Course Meeting Times
Lectures: 2 sessions / week, 1.5 hours / session
The objective of this course is to introduce you to the role of government in markets where competitive equilibria "fail." In this course we will emphasize the importance of market structure and industrial performance, including the strategic interaction of firms. We will examine the behavior of individual markets in some detail, focusing on cost analysis, the determinants of market demand, investment behavior, market power, and the implications of government regulatory behavior. The course will be broken into three parts. In the first part, we will review firm behavior and the theory of the market. Here, we will discuss perfectly competitive markets (our "benchmark"), efficiency, market structure, strategic competition, and productivity. Once the foundations of the market are well understood, we will then move on to the second part of the course, where we will study "economic" regulation. Here, we will look at the behavior of natural monopolies and regulatory options for dealing with them. And in the third part of the course, we will study "social" regulation—focusing on environmental, health, and safety regulation.
The assigned readings in this course have been selected to provide a balance of principles, tools and applications; they are detailed in the course syllabus. The basic text for the course is W. Kip Viscusi, John M. Vernon, and Joseph E. Harrington, Economics of Regulation and Antitrust, 3rd. edition (MIT Press, 2000) and will be referred to as "VVH."
All other materials will be handed out in lecture or will be available on the web. You will be expected to have read the required material before class. Doing so will make the lectures more profitable.
In addition to these readings, you should keep informed about current economic issues by reading The Wall Street Journal or the Business section of The New York Times on a regular basis. A magazine such as Business Week or The Economist is also useful for this purpose.
I will assign 5 homework sets in this course. My policy regarding cooperative work on these homework sets is discussed under Policy on Homework Sets and Exams; please read it carefully. I assume that you will work on the individual problems as the material is covered in the lectures, not leaving the whole set to be done on the day before it is due.
There will be one midterm examination. The midterm will be given in class and is scheduled for Class #13. The final exam is scheduled during the regular examination period. Please note that there will be NO make-up exams for the midterm examination. If you miss the midterm, you either must have a doctor’s note to verify that you were sick or a note regarding a family emergency that I can verify. No other excuses will be accepted. Please note that if you miss more than one exam for any reason, credit will not be given for the course.
Grading will be based on the examinations and homework sets as follows:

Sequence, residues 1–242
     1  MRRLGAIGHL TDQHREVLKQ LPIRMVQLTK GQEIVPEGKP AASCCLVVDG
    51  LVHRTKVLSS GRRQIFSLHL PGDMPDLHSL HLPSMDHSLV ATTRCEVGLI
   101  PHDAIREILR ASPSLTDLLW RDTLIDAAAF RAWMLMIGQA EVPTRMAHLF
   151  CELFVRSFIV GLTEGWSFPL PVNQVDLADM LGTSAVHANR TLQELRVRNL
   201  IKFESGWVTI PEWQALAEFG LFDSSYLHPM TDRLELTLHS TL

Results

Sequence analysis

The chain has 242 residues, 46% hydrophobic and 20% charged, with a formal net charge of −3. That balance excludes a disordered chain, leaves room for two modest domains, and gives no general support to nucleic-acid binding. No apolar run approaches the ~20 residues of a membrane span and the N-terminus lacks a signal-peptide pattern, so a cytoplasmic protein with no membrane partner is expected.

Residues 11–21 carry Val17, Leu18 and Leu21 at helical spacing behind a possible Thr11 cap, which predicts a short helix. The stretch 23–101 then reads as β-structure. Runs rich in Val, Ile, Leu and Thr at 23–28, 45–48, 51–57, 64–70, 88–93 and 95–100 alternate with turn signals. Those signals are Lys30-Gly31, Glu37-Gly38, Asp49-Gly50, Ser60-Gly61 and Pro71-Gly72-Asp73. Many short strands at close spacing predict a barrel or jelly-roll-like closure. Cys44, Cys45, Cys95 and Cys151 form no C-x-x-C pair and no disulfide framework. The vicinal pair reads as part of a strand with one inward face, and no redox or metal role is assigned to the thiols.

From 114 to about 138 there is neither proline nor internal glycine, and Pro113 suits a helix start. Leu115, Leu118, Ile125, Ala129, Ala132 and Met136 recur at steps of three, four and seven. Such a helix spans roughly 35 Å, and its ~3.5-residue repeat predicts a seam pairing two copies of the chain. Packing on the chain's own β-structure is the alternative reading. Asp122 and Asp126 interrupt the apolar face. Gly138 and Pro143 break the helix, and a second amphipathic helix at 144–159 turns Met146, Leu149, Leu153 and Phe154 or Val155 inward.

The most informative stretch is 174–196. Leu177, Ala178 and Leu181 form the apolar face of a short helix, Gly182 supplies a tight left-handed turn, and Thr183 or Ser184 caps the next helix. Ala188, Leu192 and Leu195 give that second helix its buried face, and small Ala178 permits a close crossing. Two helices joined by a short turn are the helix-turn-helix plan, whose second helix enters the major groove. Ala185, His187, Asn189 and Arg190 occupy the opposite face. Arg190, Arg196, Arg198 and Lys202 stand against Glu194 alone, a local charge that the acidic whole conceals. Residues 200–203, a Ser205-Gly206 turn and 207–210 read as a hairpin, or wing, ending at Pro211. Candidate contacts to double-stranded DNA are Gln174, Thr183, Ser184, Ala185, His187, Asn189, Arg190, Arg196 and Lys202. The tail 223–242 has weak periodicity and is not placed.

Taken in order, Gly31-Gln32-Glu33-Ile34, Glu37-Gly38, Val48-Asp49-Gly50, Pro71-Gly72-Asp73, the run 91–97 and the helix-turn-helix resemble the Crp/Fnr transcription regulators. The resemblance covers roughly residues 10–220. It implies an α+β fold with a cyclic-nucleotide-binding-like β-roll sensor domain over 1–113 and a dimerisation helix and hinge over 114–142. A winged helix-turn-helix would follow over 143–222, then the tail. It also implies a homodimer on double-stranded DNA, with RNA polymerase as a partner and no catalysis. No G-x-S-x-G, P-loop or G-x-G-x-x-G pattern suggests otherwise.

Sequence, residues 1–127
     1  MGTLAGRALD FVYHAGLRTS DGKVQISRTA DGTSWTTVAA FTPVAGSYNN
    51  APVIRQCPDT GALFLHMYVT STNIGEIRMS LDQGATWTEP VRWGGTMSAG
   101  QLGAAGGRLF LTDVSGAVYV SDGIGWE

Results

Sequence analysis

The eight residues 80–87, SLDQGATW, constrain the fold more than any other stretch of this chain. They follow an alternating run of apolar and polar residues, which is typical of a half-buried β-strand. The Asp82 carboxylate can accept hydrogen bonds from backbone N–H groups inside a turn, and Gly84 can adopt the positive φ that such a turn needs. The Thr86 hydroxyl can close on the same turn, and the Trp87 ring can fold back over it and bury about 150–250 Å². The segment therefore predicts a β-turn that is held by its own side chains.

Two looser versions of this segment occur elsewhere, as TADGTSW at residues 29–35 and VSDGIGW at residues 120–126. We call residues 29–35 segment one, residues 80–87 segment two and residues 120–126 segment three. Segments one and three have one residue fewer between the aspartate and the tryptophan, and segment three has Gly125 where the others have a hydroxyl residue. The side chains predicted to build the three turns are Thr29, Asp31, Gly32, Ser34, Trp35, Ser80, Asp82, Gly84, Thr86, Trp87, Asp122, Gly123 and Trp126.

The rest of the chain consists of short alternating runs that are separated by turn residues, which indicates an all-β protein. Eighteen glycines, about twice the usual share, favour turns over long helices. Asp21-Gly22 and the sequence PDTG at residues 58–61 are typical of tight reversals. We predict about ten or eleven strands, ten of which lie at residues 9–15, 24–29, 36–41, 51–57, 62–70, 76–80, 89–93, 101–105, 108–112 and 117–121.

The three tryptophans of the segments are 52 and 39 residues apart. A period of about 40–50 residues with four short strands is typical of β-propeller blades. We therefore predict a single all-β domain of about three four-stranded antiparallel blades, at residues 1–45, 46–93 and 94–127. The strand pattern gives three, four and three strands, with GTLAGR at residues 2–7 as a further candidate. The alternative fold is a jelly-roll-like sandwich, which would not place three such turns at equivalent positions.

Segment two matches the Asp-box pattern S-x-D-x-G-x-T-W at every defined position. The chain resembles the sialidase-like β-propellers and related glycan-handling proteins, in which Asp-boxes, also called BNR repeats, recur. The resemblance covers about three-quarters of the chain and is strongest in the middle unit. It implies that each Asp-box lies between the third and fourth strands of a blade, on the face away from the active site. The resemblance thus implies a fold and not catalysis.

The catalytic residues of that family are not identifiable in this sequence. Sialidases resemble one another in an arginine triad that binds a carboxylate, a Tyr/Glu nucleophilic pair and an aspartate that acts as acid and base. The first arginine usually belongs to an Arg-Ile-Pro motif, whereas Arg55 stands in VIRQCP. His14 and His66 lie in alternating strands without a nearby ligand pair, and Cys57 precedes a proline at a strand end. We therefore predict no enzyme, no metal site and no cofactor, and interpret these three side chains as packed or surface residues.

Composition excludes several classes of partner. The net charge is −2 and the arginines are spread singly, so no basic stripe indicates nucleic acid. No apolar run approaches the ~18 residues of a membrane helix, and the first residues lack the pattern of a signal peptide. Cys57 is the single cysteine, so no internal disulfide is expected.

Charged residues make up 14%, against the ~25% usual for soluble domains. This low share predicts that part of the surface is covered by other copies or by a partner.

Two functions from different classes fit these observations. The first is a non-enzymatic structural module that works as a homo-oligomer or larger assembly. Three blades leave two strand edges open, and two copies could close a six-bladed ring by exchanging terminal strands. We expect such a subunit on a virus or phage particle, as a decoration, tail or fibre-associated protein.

Midterm examination: 40%
Final examination: 40%
Problem sets: 20%
Policy on Homework Sets and Exams
- Homework sets are designed to help you learn how to apply the material presented in lectures. You are permitted and indeed encouraged to discuss course material, including homework, with other students in the class. However, you are expected to turn in your own individual solutions for each homework set. Discussion with others is intended to clarify ideas, concepts, and technical questions, not to derive group homework set solutions. Identical homework set answers (especially when the steps used to derive answers are not shown or when questions of interpretation are involved) violate this policy and may receive no credit or occasion disciplinary action.
- Handwritten solutions are fine, as long as they are legible and neat. Please remember: if we can't read it, we can't grade it.
- In fairness to students who complete assignments on time, late homework sets will not be accepted. You must turn in assignments during the lecture on the day they are due or earlier in the day to my mailbox. Please note that assignments put under my office door will be discarded.
- During exams, you may consult the proctor administering the exam if you need clarification of exam questions. No discussion or other form of communication with anyone else will be permitted after the exams have been handed out, until all students have turned in their exam books. Students found to have cheated or engaged in any other unethical behavior will be given a grade of F on the examinations involved, and will be turned over to the appropriate disciplinary committees within MIT for further action.
- The only calculators permitted in exams are those with basic mathematical functions. Calculators that are capable of storing spreadsheets, user-defined functions, etc. (such as the Hewlett-Packard Palmtop) may not be used in exams.
If you have any questions regarding these policies, please raise them with me.